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. 2018 May 8;7:e32740.
doi: 10.7554/eLife.32740.

The Causal Role of the Somatosensory Cortex in Prosocial Behaviour

Free PMC article

The Causal Role of the Somatosensory Cortex in Prosocial Behaviour

Selene Gallo et al. Elife. .
Free PMC article


Witnessing another person's suffering elicits vicarious brain activity in areas that are active when we ourselves are in pain. Whether this activity influences prosocial behavior remains the subject of debate. Here participants witnessed a confederate express pain through a reaction of the swatted hand or through a facial expression, and could decide to reduce that pain by donating money. Participants donate more money on trials in which the confederate expressed more pain. Electroencephalography shows that activity of the somatosensory cortex I (SI) hand region explains variance in donation. Transcranial magnetic stimulation (TMS) shows that altering this activity interferes with the pain-donation coupling only when pain is expressed by the hand. High-definition transcranial direct current stimulation (HD-tDCS) shows that altering SI activity also interferes with pain perception. These experiments show that vicarious somatosensory activations contribute to prosocial decision-making and suggest that they do so by helping to transform observed reactions of affected body-parts into accurate perceptions of pain that are necessary for decision-making.

Keywords: EEG; SI; TMS; empathy for pain; helping; human; neuroscience.

Conflict of interest statement

SG, RP, LM, MS, LB, CF, AH, BL, TM, JS, AA, CK, VG No competing interests declared


Figure 1.
Figure 1.. Paradigm.
(A) Top: a snapshot from the Hand and Face videos (examples of each condition are presented in Videos 1–4). Middle: trial structure. The red arrow indicates the timing of the shock delivery, belt touching the hand or beginning of the color saturation changes. The gray gradient graphically illustrates the dynamic of the face reaction and color saturation changes, with stronger gray corresponding to stronger facial expression or stronger saturation. The intensity of the OutputMovie is equal to the intensity of InputMovie minus the donation. Bottom: run structure. The same structure was used in the EEG and TMS experiments. Gray lightning symbols indicate when TMS was applied in the TMS version of the experiment. (B) A snapshot from the Color videos (see Videos 5, 6) and the trial structure for the rating task.
Figure 1—figure supplement 1.
Figure 1—figure supplement 1.. Histograms of participants’ responses for the credibility and movie repetition detection for the experiment with the Costly Helping paradigm.
The dotted grey line indicates the cut-off used as exclusion criteria.
Figure 2.
Figure 2.. ROIs and TMS results.
(A) The relationship between InputMovie intensity, as assigned by an independent pool of participants during the movies validation procedure, and given donation for hand and face videos. Each point is the group average donation for the specific intensity. Error bars represent S.E.M. (B) Pain Localizer ROIs. Left: results of the pain localizer within the primary somatosensory cortices (see 'Supplementary information') shown on the Colin brain together with contours of regions associated with hand (blue) and face (red) movements. These contours were generated using the meta-analyses tool Neurosynth (Yarkoni et al., 2011). Specifically, we generated reverse inference maps using the search terms ‘grasping’ and ‘speech production’ to probe movements of the hand and of the face, respectively, and intersected each with an anatomical map of the left SI from the anatomy toolbox (as the union of BA1, 2, 3a and 3b). Right: schematic visualization of the dorsal and ventral ROIs within the EEG template space, and approximate site of the TMS stimulation. (C) Interaction Condition x TMS results. *p<0.05. Error bars represent S.E.M. (D) The left render shows the location of the five HD-tDCS electrodes on the scalp and where the central anode is positioned relative to our d-SIL ROI (red). The image was created by inserting fish oil omega three pills in place of the HD-tDCS electrodes inside the electrodes holders. A participant was wearing the montage while a T1-weighted anatomical image was acquired (TR = 8.2 ms, TE = 3.8 ms, flip angle = 8°, FOV = 240 mm × 240 mm, 1 × 1 × 1 mm isotropic voxels). The right render shows the 3D simulation of current density changes expected from our tDCS montage, obtained using the electrostatic finite element method (FEM) offered by the Matlab toolbox COMETS 2 (Jung et al., 2013).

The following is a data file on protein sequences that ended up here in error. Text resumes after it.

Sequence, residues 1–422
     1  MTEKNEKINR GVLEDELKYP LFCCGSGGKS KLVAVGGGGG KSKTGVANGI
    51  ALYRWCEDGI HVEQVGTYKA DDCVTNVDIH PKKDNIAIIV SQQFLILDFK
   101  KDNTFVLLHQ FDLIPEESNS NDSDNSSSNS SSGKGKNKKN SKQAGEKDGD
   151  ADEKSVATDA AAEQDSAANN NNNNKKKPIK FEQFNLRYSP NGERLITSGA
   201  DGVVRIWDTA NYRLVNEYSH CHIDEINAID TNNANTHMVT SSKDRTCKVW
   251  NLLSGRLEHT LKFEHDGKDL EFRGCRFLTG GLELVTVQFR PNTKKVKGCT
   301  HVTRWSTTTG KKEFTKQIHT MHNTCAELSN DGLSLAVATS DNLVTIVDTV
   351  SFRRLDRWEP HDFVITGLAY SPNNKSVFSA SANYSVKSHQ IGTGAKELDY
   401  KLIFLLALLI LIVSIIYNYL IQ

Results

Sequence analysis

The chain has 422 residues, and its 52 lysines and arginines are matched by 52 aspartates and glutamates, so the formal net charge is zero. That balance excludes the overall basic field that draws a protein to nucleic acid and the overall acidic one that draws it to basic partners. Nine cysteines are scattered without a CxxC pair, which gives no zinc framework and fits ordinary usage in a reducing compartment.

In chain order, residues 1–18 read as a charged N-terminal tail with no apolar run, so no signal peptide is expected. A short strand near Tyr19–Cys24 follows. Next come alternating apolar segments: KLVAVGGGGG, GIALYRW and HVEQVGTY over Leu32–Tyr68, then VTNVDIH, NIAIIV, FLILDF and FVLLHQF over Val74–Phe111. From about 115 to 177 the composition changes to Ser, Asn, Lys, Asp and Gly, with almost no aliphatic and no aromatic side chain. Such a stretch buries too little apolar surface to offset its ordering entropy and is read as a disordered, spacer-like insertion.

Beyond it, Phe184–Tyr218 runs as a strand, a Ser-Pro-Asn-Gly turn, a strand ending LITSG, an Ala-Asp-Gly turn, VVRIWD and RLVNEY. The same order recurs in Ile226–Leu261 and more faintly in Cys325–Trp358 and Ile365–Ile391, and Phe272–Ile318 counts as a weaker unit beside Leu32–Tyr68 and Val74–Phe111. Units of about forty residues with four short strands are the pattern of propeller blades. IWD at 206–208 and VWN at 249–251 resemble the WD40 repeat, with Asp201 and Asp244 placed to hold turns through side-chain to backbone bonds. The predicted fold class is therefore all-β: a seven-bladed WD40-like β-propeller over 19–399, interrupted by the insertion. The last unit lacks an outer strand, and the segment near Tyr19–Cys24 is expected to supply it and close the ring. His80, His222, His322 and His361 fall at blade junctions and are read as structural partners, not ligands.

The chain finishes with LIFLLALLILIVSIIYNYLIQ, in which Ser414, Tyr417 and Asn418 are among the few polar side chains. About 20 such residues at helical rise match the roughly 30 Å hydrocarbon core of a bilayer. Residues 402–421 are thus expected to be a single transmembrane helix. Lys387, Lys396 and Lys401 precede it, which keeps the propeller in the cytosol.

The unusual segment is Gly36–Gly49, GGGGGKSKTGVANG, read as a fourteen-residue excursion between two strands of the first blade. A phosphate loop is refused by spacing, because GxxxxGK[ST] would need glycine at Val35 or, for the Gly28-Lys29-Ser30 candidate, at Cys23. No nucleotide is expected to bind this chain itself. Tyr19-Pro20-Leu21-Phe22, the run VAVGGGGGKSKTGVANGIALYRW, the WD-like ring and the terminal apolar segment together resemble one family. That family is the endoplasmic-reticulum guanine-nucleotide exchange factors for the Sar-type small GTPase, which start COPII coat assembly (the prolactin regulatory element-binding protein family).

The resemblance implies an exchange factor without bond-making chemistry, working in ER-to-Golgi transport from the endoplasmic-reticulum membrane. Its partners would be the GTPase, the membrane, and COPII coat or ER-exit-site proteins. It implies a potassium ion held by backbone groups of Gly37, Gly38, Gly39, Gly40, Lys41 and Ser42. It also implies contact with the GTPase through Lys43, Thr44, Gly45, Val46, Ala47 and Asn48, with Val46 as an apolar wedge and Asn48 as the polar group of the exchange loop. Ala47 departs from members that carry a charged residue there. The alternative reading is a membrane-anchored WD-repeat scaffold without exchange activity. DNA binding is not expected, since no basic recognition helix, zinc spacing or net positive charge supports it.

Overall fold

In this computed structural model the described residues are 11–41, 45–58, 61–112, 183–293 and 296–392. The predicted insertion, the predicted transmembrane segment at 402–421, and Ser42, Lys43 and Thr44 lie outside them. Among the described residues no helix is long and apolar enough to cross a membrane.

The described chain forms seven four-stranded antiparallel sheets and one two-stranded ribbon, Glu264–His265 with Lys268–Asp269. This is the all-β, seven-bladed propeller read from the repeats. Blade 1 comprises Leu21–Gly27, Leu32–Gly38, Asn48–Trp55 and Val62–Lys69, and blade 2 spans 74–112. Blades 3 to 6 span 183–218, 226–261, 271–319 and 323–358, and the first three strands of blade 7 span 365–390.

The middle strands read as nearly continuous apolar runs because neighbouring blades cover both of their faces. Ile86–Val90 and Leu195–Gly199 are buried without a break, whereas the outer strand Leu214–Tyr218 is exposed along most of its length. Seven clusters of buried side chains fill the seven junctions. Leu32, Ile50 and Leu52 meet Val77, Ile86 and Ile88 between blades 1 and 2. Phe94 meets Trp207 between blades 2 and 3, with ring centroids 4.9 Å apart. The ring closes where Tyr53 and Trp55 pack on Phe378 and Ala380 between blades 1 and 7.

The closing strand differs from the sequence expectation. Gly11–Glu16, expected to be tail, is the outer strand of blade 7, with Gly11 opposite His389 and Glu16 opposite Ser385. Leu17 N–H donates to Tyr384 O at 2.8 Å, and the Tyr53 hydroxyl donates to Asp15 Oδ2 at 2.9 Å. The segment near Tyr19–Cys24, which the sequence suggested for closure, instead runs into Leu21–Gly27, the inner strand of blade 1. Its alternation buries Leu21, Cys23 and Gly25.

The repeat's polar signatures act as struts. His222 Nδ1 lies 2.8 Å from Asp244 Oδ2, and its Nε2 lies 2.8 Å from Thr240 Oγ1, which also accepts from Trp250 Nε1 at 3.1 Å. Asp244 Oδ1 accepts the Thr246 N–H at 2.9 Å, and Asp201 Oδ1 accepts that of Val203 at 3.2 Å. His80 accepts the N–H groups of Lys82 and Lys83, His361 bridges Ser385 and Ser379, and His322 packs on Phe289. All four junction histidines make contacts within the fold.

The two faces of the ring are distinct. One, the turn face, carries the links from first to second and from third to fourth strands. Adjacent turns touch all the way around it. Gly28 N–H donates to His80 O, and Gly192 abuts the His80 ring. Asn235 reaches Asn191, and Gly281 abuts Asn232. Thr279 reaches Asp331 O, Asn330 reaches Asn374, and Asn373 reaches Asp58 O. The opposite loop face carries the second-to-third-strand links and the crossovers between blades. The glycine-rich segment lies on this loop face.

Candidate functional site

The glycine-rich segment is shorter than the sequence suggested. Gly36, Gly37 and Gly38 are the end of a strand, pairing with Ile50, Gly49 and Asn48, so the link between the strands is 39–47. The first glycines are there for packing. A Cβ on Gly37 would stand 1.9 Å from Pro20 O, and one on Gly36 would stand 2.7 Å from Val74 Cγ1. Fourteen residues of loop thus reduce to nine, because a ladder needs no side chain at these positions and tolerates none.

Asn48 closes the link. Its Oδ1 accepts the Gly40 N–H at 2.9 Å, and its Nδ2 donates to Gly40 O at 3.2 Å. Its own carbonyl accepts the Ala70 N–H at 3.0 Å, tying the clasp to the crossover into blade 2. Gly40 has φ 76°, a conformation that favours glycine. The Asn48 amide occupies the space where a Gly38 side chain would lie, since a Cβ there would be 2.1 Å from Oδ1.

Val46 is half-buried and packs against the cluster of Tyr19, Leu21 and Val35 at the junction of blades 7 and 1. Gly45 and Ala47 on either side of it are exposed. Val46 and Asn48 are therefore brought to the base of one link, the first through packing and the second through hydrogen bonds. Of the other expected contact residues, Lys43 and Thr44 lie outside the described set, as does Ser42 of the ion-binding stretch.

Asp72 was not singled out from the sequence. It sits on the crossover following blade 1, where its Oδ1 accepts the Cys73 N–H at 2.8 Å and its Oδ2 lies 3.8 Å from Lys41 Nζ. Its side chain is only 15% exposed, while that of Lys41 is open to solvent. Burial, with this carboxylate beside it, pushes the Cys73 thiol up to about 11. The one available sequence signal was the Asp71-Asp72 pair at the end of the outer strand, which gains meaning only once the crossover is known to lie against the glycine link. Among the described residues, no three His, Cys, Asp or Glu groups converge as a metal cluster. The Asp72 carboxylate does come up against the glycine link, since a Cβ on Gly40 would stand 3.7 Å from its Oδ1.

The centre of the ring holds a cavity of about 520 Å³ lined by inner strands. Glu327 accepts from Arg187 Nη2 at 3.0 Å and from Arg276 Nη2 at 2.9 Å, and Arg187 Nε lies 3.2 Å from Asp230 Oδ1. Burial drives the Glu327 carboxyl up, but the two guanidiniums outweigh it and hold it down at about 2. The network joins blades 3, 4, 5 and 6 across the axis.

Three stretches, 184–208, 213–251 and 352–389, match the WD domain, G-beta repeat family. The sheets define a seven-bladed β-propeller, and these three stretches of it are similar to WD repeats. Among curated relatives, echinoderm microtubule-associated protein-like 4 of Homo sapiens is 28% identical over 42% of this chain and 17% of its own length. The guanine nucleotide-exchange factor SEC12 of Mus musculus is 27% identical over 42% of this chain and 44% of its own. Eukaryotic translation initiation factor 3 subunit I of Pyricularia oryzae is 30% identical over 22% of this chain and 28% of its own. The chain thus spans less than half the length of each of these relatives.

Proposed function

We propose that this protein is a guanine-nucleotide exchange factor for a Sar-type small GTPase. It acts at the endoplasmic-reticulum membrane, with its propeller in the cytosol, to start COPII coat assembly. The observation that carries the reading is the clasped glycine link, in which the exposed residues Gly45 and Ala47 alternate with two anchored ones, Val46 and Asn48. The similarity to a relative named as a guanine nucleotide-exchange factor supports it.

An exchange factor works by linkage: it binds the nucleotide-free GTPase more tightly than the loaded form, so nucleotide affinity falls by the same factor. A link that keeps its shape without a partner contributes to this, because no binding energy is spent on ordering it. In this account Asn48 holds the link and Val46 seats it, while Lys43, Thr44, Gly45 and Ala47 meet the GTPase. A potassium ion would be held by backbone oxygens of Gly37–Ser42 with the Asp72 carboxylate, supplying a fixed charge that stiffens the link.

Figure 3.
Figure 3.. Regression between SI activity and donation.
(A) Left: relationship between brain activity of one example participant at a given time-point and the Z-donation for all the trials of that participant. The linear trend represents the slope of the robust regression performed on these values. Right: time-course of the robust regression slopes (betas) for the same example participant. (B) Time-course of the Hotelling's t-squared (Ht2) test on the slopes for the significant ROI and condition. Because the two significant Hand clusters are very close in time, for illustrative purposes only, they have been evidenced by a single yellow band. (C) Grand averages for high (darker lines) and low (lighter lines) donation for each dipole, SI-ROI and condition. (D) Right hemisphere results. Significant clusters based on Ht2 are shown in yellow.
Author response image 1.
Author response image 1.
Author response image 2.
Author response image 2.

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